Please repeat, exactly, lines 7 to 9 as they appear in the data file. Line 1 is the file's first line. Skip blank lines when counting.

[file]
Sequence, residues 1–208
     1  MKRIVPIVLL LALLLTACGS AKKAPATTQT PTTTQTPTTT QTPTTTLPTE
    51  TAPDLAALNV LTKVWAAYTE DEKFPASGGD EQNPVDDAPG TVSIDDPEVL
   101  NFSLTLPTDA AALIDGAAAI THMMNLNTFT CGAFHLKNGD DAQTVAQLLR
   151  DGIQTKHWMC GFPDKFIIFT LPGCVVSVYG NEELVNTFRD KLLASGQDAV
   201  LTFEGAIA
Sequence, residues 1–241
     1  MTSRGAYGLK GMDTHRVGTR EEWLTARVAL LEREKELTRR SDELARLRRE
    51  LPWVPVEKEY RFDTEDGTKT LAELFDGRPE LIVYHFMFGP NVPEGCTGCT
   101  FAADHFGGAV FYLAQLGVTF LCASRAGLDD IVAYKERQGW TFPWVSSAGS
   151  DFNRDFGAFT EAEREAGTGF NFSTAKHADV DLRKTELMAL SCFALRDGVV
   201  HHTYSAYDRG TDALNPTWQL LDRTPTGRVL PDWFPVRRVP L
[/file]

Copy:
Sequence, residues 1–241
     1  MTSRGAYGLK GMDTHRVGTR EEWLTARVAL LEREKELTRR SDELARLRRE
    51  LPWVPVEKEY RFDTEDGTKT LAELFDGRPE LIVYHFMFGP NVPEGCTGCT